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Losing religion, finding god

There are a few fundamental truths which, once you become a parent, crystallize and form the primary touchstones of your existence.  For example, sacks of oranges and cattle prods are all fine and dandy, but if you want real torture try walking barefoot across a cotto floor strewn with Legos.  And, given a choice between twenty minutes of sex or twenty minutes of dead sleep, sleep wins hands down.  Finally, you believe in God.  Or, you don’t.  Either way, it’s time to decide because preschoolers don’t deal well with ethical grey areas.

About six months ago, I drove past a huge basilica in the valley below Assisi, and my five year old piped up from the back seat, “Mamma, what’s that?”  Now, it is probably not such a good thing that my son doesn’t recognize a church in Assisi, which is probably one of the places in which there is the greatest church per capita density on the planet.  “It’s a church,” I told him.

“What do you do there?” he asked.

“Well, you pray.”

“You play?”

“No, pray.”

“What’s praying?”

“Uh, well, that’s when you talk to God”

“What’s God?”

And there it was.  The $64,000 question.  One of the few questions to which I have no answer that I can’t simply respond, “I’m not sure, but I bet Babbo knows.”  Because, quite frankly, my husband isn’t that sure either.

I grew up in a deeply religious family, though of the flower children, guitar plucking, socially liberal kind.  Though I don’t consider myself psychologically scarred by all that, by the time I left home for college I was, let’s say, religion-ed out.  So, after a brief stint over at the Unitarians to detox, I settled into a benign sort of agnosticism. Though I considered myself a practician of the basic judeo-christian ethic which forms the foundation of most western religions, I would only actually show up at Mass once or twice a year to please Grandma.

When I moved to Italy after college, I thought my ambivalence regarding actively practicing a religion would be a problem, but I quickly found that, instead, there are quite a few Italians who are casual Catholics here in Umbria.  And that no one really cared about whether or not I went to Mass, uh, religiously.

Italy, and especially a rural area like Umbria, is undoubtably Catholic.  Italian civic culture is steeped in Catholicism, and in many ways there is no way of seeing where the religious culture ends and the secular begins.  Most holidays in Italy are Catholic feast days, the local parish is very much the fulcrum of social participation in the countryside, and the passage from childhood to adulthood is still generally measured in sacraments:  Christening, first holy Communion, Confirmation, nuptial Mass, and funeral Mass.  Almost all public spaces sport crosses on the walls, even in some businesses where it seems out of place at best, like the local bank.

It is refreshing, in comparison to how in your face religious practice has become in the States, to live in a place where it is not an issue at all.  Part of that is, of course, because something like 98% of the population of Umbria is Catholic, so no one really feels the need to wear their religion on their sleeve.  But even among my few friends here who are active church goers and fervent believers, I have never felt uncomfortable, or judged, or pressured by their belief.  Italians, and, more specifically, Umbrians, tend to be quite pragmatic about their religiosity.  They are often Catholic and communist, both divorce and abortion have been legalized through popular referendum, and they are reluctant proselytizers.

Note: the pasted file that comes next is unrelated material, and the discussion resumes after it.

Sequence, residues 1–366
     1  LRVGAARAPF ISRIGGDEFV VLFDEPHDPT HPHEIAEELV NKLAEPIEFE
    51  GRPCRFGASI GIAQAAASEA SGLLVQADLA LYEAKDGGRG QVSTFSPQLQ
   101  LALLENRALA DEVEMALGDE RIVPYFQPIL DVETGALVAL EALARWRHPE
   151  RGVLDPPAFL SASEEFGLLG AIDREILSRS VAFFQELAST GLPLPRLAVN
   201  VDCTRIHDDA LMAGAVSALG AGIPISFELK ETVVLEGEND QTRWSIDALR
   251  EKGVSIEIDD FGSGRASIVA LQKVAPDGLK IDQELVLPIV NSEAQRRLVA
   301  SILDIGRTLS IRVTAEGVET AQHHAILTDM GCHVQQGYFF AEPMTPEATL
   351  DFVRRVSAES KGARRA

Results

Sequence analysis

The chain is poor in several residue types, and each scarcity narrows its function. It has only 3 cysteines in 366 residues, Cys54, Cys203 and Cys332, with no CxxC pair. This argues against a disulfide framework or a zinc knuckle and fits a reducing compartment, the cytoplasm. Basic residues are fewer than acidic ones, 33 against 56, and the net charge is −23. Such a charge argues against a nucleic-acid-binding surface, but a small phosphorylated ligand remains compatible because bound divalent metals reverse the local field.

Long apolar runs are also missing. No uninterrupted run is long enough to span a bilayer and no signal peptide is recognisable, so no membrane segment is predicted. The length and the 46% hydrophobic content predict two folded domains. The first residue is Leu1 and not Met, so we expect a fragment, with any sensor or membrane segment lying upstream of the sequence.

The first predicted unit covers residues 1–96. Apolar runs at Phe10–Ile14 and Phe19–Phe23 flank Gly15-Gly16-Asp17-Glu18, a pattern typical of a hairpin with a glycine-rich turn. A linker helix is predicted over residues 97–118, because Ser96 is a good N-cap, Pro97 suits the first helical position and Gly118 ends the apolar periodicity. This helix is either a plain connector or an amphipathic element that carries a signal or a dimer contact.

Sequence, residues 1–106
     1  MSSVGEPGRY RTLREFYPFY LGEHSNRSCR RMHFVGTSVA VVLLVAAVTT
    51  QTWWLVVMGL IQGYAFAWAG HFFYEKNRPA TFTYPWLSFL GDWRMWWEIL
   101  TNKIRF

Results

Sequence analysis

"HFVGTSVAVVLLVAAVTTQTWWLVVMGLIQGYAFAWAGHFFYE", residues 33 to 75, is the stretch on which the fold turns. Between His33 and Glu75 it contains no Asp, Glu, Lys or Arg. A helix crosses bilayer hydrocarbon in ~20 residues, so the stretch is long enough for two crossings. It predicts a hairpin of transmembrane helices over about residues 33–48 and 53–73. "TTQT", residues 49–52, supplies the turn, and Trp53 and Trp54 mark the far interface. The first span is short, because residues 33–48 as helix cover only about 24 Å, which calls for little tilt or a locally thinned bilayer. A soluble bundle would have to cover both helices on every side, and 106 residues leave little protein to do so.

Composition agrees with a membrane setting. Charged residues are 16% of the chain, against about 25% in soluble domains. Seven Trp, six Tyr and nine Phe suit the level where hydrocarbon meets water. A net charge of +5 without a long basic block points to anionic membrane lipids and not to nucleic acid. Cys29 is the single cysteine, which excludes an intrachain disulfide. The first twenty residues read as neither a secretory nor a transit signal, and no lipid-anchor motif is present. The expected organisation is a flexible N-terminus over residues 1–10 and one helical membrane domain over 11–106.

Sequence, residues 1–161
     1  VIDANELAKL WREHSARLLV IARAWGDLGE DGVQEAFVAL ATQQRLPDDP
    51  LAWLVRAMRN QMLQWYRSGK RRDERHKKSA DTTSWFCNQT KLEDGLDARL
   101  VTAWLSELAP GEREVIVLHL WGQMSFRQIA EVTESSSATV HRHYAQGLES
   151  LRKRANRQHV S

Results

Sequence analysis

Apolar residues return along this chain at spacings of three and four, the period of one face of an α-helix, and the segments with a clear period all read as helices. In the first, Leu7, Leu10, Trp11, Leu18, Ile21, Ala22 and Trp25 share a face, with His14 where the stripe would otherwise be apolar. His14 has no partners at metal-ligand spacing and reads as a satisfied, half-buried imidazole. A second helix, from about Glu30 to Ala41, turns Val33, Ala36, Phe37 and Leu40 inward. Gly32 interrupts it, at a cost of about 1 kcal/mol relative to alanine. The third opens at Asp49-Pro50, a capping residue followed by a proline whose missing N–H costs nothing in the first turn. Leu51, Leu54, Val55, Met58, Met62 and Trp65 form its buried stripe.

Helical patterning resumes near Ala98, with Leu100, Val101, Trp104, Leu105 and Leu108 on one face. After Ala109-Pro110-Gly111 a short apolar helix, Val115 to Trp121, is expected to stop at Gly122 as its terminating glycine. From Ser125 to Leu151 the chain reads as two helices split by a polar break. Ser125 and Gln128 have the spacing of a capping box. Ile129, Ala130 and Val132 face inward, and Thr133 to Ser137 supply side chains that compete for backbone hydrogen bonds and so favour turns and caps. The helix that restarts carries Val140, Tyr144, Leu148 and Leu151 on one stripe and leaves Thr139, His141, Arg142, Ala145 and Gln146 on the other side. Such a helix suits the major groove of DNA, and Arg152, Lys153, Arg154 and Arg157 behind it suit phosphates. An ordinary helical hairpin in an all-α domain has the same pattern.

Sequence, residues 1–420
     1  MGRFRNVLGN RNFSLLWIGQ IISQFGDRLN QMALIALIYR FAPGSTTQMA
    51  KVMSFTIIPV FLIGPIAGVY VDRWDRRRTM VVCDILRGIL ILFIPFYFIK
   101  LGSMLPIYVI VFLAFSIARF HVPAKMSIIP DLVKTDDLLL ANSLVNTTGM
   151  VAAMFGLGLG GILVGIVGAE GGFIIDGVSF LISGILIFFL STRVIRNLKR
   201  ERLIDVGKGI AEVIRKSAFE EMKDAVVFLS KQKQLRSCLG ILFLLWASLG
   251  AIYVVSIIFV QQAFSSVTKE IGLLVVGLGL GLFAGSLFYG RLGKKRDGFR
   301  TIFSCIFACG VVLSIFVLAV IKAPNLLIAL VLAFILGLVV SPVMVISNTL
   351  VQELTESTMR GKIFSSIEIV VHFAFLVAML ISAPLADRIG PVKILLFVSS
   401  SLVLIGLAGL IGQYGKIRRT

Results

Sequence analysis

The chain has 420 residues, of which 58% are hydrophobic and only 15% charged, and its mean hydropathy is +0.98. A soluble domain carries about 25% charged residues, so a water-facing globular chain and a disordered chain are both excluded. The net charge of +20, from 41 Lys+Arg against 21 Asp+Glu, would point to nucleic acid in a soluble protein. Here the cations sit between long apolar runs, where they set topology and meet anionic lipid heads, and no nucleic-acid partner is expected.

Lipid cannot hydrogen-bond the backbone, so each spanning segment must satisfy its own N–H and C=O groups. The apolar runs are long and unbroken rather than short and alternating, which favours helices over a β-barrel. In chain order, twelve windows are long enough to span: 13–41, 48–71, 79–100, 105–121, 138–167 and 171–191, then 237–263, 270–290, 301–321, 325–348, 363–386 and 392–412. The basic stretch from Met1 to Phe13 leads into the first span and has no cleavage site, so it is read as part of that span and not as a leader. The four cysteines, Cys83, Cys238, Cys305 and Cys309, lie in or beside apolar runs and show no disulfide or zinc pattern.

In the years since I’ve moved, I have steadily and quietly shed any dogma which may have lingered in my moral paradigm but also feel like my life here has given me the opportunity to tap into a different spirituality…based on the tennets of secular humanism, no doubt, but still giving my life reference points which have led me to find my own sense of god, even if it’s not God.  Contact with and respect for the natural world.  A feeling of belonging to a comunity.  The importance of family and friends, and prioritizing the time you spend cultivating those relationships.  Recognizing the wonderous beauty in art and architecture.  The joy of eating good food in the context of its history and culture.  The value of slowing down and finding time for quietness.

The late David Foster Wallace said this:

“There are these two young fish swimming along and they happen to meet an older fish swimming the other way, who nods at them and says, “Morning, boys.  How’s the water?” and the two young fish swim on for a bit, and then eventually one of them looks over at the other and goes, “What the hell is water?” ….

The capital-T Truth is about life BEFORE death.  It is about the real value of a real education, which has almost nothing to do with knowledge, and everything to do with simple awareness; awareness of what is so real and essential, so hidden in plain sight all around us, all the time, that we have to keep reminding ourselves over and over: ‘This is water. This is water.’ It is unimaginably hard to do this, to stay conscious and alive in the adult world day in and day out.”

And this is what I have found here in Umbria.  Perhaps not the God of churches and rites, but instead moments of grace and awareness where all of a sudden I am yanked out of my automatic pilot working and parenting and surviving mode and become aware of an instant in time, a fleeting quotidian miracle, and am reminded “This is water.”  And there I see god.

The view from my house. This is water.

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Brigolante Guest Apartments

Via Costa di Trex, 31 | 06081 Assisi (PG) | Italy

+39-075-802250 |

P.IVA 01251450530

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